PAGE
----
Styles & Forms | Bobo Dread Deejays | Reggae

The Bobo Ashanti is Rasta for the twenty-first century: more militant and less tolerant. With their ideological attacks on Rome, social demotion of women and condemnation of homosexuality, deejays like Capleton and Anthony B may seem world’s apart from the hippy-ish notions of dreadlocks that was Bob Marley’s legacy. There’s actually not much difference.

Unlike roots reggae, which had a discernible musical style, Bobo music is defined purely by its content. The sounds of Bobo records are a spectrum of modern reggae – dancehall digital, spiritually acoustic or just plain reggae rhythm – it is the singer or deejay’s message that sets it apart. It has taken up the mantle of Rastafari and uses Jamaican music to spread its word, and given that today’s reggae has fragmented to such a degree, Bobo uses any aspect of the music to get its message across to what it sees as an increasingly wayward youth. As artists with existing careers convert to Bobo, so they bring with them their own styles as a method of giving thanks and praise. While it definitely has replaced the Marley-esque protest songs of the 1970s and 1980s, it has also added a twenty-first-century bent: the reggae business itself is now far more diverse, but essentially it remains the same chanting-down Babylon of its predecessor.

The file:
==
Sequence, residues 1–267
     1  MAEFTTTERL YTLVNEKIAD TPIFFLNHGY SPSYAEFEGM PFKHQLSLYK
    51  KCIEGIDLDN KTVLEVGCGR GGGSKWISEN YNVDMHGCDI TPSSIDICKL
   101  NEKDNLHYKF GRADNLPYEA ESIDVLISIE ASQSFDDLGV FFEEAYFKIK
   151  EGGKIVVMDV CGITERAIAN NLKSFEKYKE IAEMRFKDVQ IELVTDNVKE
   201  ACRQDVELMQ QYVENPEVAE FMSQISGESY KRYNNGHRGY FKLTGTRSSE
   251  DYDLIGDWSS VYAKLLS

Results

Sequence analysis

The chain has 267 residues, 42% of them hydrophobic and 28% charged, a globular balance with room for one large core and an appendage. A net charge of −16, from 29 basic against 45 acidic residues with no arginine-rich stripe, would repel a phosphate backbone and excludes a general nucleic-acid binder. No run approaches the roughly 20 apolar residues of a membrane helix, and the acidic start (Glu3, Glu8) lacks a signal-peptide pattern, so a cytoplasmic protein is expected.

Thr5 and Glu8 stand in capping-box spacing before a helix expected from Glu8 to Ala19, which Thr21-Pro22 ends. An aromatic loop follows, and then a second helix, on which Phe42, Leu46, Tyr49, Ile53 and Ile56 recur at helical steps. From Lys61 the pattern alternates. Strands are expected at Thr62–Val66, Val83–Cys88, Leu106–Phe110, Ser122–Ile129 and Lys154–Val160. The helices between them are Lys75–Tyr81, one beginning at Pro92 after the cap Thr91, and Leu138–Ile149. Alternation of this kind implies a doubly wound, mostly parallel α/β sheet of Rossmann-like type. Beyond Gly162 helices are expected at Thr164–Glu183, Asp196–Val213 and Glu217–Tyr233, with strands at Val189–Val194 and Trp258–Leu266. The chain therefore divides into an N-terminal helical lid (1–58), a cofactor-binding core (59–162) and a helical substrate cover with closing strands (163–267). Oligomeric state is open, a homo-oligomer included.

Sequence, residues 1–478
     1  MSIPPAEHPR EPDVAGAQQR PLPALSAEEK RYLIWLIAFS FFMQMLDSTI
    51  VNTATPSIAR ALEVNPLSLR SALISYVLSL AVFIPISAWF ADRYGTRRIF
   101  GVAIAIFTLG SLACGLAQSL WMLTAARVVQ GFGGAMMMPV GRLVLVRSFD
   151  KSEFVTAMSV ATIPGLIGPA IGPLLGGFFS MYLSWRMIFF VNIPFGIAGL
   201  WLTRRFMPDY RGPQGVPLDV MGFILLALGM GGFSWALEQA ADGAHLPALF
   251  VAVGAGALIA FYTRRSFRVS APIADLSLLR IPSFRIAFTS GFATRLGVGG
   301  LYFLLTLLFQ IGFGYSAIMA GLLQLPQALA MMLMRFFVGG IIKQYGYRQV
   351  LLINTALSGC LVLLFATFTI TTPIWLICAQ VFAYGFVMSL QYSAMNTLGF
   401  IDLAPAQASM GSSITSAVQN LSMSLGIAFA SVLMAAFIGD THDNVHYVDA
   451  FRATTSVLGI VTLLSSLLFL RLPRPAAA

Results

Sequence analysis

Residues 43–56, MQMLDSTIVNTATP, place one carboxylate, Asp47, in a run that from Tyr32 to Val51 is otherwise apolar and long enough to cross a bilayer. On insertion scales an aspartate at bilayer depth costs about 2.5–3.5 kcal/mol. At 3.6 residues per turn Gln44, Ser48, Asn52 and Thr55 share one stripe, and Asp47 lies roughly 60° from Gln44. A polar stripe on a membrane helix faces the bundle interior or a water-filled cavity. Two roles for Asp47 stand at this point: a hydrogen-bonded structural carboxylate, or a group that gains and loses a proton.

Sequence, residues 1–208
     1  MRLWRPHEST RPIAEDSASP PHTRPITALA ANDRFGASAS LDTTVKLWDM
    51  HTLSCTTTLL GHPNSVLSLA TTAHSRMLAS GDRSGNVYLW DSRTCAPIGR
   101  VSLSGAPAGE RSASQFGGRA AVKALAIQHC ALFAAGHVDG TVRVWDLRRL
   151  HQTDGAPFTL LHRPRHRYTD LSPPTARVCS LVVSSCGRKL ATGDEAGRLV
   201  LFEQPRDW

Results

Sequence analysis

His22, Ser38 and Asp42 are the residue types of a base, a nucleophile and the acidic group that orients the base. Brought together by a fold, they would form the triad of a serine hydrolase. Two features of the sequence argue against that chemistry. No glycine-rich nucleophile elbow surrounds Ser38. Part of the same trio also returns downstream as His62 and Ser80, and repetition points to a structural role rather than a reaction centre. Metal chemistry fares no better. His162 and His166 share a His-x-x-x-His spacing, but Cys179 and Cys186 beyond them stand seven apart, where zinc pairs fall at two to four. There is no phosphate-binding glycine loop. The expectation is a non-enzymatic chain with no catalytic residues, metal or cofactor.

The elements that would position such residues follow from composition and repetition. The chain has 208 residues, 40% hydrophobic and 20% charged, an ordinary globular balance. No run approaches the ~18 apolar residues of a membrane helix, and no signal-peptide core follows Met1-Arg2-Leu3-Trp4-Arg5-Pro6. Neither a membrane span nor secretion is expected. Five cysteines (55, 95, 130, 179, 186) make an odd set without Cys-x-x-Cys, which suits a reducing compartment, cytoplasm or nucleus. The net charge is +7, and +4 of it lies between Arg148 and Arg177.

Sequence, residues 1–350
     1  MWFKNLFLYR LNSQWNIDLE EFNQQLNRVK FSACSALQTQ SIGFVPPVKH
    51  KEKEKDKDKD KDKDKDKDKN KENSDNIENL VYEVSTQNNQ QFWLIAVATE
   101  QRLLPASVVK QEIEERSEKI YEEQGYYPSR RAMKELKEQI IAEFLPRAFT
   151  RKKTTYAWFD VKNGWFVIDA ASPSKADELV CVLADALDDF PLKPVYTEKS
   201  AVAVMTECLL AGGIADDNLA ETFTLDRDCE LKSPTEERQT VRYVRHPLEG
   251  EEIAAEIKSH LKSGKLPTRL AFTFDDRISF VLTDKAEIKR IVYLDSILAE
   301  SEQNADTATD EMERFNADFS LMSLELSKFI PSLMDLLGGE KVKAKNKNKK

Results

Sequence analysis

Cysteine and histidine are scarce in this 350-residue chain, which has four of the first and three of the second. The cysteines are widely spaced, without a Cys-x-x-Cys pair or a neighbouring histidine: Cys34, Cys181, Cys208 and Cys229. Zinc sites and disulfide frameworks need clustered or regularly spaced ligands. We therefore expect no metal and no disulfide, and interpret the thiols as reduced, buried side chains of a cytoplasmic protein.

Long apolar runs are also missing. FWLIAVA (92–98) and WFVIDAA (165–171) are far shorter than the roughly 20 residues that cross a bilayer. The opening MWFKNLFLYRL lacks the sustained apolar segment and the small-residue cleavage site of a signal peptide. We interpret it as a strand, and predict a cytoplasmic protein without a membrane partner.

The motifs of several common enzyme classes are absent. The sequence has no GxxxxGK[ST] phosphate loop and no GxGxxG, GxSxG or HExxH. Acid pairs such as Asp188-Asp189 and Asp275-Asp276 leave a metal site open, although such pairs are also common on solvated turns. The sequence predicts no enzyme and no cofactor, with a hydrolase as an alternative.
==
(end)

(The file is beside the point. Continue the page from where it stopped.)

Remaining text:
Bobo Ashanti dates from the 1950s, when Emmanuel Edwards established his Ethiopian International Congress Rasta camp in Kingston. He was trying to create a more committed version of the faith, drawing upon Garveyism, Ethiopian Christianity and Old Testament ideology to a create a communal living environment. This remains central to today’s Bobo, as does a diet eschewing all meat, wheat and salt; fasting and prayer are frequent, and Bobo camps are as self-sufficient as possible.

Bobo dreads have always stood apart from the rest of Rasta with their red-, green- and gold-trimmed white robes and turbans rolled almost vertically around their dreadlocks, which are kept covered because Bobos believe that, from Bob Marley’s time onwards, dreadlocks became a fashion statement rather than a show of devotion. To keep them under wraps this way keeps faith as a personal issue for the wearer.

Exciting And Uncompromising

Such refocusing of Rasta’s appearance is a useful metaphor for the refocusing of its purpose. Modern Bobo believes Rasta has become part of mainstream life and no longer provides the strict guidance that, in its adherents’ opinion, black people need to survive Babylon. Inside Bobo’s uncompromising ways is exactly the same ideology as Rasta had in the 1970s when it first made a wide impact; all Bobo has done is put it back on track. Bobo believes that the world is descending into moral chaos – something it sees as best illustrated by the state of today’s reggae and hip hop, with its apparently demeaning obsessions with sex and violence – and that desperate times call for desperate measures. Like Bobo’s counterparts from 30 years ago, the music has the dancehall...

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Source: The Illustrated Encyclopedia of Music, general editor Paul Du Noyer


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